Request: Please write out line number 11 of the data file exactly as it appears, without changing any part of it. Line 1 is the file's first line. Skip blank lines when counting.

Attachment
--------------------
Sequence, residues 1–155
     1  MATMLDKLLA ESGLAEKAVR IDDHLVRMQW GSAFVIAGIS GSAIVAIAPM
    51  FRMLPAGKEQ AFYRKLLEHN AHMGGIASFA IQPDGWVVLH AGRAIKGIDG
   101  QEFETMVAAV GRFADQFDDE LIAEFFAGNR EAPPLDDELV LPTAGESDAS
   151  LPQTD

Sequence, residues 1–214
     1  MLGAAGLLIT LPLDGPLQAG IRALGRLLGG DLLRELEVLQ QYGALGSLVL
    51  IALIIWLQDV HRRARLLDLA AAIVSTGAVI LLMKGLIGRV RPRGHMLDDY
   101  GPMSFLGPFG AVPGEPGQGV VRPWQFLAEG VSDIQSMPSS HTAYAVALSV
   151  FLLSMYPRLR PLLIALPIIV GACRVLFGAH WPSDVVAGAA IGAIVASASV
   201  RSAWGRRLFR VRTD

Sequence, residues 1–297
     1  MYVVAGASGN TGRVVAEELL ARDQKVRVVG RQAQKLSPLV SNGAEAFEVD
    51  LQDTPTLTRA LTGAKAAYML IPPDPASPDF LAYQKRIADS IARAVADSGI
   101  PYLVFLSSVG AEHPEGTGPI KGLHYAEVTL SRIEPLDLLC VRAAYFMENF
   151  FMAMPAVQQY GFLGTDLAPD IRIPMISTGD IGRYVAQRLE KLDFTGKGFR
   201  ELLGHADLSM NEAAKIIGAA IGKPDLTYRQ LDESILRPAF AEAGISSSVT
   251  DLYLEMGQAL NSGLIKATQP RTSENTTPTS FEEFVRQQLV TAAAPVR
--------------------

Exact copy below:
   201  RSAWGRRLFR VRTD